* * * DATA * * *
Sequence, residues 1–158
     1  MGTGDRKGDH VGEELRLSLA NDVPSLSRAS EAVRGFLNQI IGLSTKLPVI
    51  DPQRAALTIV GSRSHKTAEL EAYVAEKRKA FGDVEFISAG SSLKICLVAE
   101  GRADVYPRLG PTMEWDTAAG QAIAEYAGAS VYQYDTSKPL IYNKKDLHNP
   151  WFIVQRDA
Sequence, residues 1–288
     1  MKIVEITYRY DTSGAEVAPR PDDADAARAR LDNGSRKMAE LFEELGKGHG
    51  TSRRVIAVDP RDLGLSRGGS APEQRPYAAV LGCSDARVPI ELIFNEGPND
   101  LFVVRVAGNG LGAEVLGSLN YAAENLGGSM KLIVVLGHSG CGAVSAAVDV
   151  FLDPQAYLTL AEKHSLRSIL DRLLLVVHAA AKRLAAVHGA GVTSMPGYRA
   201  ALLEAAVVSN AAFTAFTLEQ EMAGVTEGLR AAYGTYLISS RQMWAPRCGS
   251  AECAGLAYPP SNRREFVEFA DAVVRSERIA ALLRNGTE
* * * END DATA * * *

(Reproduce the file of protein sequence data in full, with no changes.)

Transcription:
Sequence, residues 1–158
     1  MGTGDRKGDH VGEELRLSLA NDVPSLSRAS EAVRGFLNQI IGLSTKLPVI
    51  DPQRAALTIV GSRSHKTAEL EAYVAEKRKA FGDVEFISAG SSLKICLVAE
   101  GRADVYPRLG PTMEWDTAAG QAIAEYAGAS VYQYDTSKPL IYNKKDLHNP
   151  WFIVQRDA
Sequence, residues 1–288
     1  MKIVEITYRY DTSGAEVAPR PDDADAARAR LDNGSRKMAE LFEELGKGHG
    51  TSRRVIAVDP RDLGLSRGGS APEQRPYAAV LGCSDARVPI ELIFNEGPND
   101  LFVVRVAGNG LGAEVLGSLN YAAENLGGSM KLIVVLGHSG CGAVSAAVDV
   151  FLDPQAYLTL AEKHSLRSIL DRLLLVVHAA AKRLAAVHGA GVTSMPGYRA
   201  ALLEAAVVSN AAFTAFTLEQ EMAGVTEGLR AAYGTYLISS RQMWAPRCGS
   251  AECAGLAYPP SNRREFVEFA DAVVRSERIA ALLRNGTE